A small teak forest in India’s western state of Gujarat is home to some of the last wild Asiatic lions in this world. And yes, you read that right – lions.
Not many people know about these lions and when I decided to go there to work on a personal project about endangered wildlife in India I was often asked if I wasn’t mistaken, and was thinking maybe about the better known Bengal tigers.
But, no, India does have a small population of a subspecies of lion. They are Asiatic lions (Panthera leo persica) and historically they ranged in a large area from Greece through Iran, and all the way to India. In fact it was the Asiatic subspecies that were used by the Romans in gladiator fights at the Coliseum in Rome – not its larger cousin the African lion.
Big cats are threatened all over the world. Loss of habitat and conflict with human inhabitants is a great problem worldwide, but nowhere is this as evident as it is in the Gir National Forest.
Here, a small population of about 411 lions including nearly 150 sub-adults (according to a 2010 census) has their last stronghold. Fortunately, the Gir Forest sanctuary is well kept by the Gujarat government and lion numbers are on the rise, but according to scientists and as described by Dr. Luke Hunter (President of Panthera) in a BBC Wildlife Article this month, the lions are outgrowing the forest and have nowhere to go. Noted lion expert Dr. Ravi Chellam has developed plans for relocation, and the Kuno-Palpur Wildlife Sanctuary in the neighboring Indian state of Madhya Pradesh has been made ready to receive the lions. It would seem relocation is their only hope for survival. With such a small population in a small geographical place, a disease could wipe out the entire population in a very short time. One of the lion’s main preys, other than the chital deer (axis axis), is livestock, which is troubling to local farmers and cattle-herders. Human – wildlife conflicts take place in Gujarat every day and the wildlife rarely wins.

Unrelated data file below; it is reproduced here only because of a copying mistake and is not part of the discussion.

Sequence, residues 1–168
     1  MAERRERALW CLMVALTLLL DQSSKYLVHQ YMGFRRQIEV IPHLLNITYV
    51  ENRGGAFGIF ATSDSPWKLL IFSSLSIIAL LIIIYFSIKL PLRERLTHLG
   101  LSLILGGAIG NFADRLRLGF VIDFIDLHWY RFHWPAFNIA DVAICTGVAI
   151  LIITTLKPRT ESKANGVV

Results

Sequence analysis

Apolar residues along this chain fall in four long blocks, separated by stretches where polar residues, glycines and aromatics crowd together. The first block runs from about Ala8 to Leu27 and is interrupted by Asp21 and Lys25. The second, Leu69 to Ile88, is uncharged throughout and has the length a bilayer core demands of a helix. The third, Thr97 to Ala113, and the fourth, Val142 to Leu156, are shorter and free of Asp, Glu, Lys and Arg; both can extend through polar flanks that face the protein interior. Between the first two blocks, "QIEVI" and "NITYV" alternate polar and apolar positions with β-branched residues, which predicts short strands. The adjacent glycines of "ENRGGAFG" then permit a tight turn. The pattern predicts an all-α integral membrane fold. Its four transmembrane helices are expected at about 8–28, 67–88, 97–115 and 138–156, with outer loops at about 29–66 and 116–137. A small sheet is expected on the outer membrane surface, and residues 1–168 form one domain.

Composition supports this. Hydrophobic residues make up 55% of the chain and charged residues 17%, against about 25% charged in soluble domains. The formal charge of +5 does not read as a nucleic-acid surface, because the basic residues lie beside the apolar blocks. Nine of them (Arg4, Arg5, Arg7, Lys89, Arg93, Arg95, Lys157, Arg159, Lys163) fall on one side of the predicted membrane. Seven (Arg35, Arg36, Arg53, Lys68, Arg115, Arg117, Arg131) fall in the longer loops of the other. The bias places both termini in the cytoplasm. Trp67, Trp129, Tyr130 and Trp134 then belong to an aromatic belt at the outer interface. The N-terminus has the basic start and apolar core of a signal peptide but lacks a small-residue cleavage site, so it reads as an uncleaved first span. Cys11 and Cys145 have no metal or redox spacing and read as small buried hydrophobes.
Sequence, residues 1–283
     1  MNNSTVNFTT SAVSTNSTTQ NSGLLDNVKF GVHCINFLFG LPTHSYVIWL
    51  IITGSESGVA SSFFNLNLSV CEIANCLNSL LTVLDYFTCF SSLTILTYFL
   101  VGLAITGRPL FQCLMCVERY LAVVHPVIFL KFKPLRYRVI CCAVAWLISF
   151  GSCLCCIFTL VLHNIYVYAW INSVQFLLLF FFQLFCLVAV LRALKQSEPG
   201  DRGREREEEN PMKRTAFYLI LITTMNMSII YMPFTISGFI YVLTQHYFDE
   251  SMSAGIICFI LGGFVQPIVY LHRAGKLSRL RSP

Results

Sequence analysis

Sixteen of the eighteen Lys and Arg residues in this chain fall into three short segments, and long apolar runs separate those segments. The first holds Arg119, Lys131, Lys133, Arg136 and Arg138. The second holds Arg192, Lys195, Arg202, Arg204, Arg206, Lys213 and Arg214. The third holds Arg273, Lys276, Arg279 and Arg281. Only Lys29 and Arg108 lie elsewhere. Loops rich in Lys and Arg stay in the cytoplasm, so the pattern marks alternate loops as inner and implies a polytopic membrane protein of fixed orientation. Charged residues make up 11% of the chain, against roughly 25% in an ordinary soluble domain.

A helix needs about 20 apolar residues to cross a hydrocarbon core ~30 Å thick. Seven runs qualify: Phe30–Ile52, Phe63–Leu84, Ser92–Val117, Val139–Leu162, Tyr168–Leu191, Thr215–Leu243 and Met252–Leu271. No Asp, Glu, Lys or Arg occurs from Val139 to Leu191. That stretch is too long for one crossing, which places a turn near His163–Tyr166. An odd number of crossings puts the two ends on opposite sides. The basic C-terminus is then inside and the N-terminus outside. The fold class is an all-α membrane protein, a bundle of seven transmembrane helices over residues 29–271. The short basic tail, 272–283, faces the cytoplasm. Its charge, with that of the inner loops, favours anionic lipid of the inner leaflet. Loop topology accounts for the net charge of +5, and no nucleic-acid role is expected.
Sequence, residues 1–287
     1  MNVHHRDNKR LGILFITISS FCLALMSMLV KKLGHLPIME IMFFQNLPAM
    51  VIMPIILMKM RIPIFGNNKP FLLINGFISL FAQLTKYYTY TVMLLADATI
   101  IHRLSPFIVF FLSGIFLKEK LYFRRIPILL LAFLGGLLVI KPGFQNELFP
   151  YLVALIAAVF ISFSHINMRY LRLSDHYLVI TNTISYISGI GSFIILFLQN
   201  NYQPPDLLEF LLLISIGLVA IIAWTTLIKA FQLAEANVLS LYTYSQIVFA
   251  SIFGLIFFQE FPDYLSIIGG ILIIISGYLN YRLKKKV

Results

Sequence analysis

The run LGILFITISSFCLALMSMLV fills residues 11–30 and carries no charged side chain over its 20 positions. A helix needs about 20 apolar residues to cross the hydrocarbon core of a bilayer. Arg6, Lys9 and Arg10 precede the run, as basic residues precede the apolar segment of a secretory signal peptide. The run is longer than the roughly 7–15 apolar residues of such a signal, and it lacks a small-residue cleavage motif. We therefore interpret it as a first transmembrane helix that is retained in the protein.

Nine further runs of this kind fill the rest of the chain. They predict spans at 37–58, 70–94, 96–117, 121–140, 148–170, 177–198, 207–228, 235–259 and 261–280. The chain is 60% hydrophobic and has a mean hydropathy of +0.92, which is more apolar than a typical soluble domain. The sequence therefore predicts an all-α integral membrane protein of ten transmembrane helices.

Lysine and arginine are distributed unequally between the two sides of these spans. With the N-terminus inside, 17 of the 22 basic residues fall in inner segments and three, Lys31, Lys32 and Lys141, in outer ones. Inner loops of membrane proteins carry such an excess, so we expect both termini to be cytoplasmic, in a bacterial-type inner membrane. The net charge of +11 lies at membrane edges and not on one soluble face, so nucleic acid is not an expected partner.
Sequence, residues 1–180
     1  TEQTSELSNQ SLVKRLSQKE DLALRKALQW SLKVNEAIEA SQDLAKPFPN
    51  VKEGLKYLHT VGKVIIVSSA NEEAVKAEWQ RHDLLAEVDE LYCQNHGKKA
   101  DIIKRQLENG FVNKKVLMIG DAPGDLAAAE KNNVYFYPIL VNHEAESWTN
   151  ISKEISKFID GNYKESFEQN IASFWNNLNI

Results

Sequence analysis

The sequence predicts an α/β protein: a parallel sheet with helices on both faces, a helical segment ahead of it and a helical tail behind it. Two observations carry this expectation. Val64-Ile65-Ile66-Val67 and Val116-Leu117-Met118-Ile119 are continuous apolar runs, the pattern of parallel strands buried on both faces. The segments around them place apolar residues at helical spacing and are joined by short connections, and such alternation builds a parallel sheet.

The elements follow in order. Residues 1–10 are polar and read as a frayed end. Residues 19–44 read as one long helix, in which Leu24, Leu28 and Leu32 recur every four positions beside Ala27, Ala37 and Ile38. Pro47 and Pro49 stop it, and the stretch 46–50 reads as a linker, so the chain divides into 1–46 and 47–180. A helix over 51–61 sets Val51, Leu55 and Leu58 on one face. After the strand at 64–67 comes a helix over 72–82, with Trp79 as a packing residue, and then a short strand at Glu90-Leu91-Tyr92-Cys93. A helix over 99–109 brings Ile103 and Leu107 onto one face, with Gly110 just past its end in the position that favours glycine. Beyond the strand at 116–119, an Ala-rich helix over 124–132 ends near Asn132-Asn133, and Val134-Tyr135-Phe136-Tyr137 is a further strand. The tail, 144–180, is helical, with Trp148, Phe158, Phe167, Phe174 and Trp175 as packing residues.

So why have the lions not been moved yet? It seems like a simple job, and in national parks around South Africa, relocation of animals has become an everyday business. But things are unfortunately not as simple as they seem and the Asiatic lions may never roam in any other sanctuary than Gir. The state government of Gujarat refuses to give permission for any relocation, according to Hunter’s article. It all depends on whom you believe. Some voices say that it is about Gujarati pride, while others believe it is a financial concern of the state wanting to protect the tourist income that the lions bring.
Sadly, politics always plays a role in conservation. After having spent an amazing time in the vicinity of this incredible animal, I only hope that the right people will change their mind and give these lions a chance, so that we once again can see them roam freely as they should.
Based in Como, Italy, Uri Golman is an award winning nature and wildlife photographer specialized in the arctic environment. An environmentalist and adventurer by heart, he has travelled the far north on several expeditions with the ultimate goal to communicate local conservation.
He has published two books on the Arctic since 2007 and one book on local conservation in India called Tiger Spirit, which was awarded the WWF Panda Book of the Year title in 2011.
Uri has also been chosen by Canon as a local Canon Ambassador in Denmark for his work on local conservation in Greenland for three consecutive years. His images from this part of the world have been published around the world in magazines, books and on calendars and postcards. His clients include National Geographic, WWF, ALPS Magazine and Greenland Today and Nature Picture Library in London represents his photographic work.
He is often a contributor of photographic stories to specialist magazines and writes monthly stories on the Manfrotto School of Xcellence.
He is currently working on a long term project called Wild North which aims to promote knowledge about conservation under the northern hemisphere.
The views expressed in this guest blog post are those of the International League of Conservation Photographers and not necessarily those of the National Geographic Society. Readers are welcome to exchange ideas or comments, but National Geographic reserves the right to edit or delete abusive or objectionable content.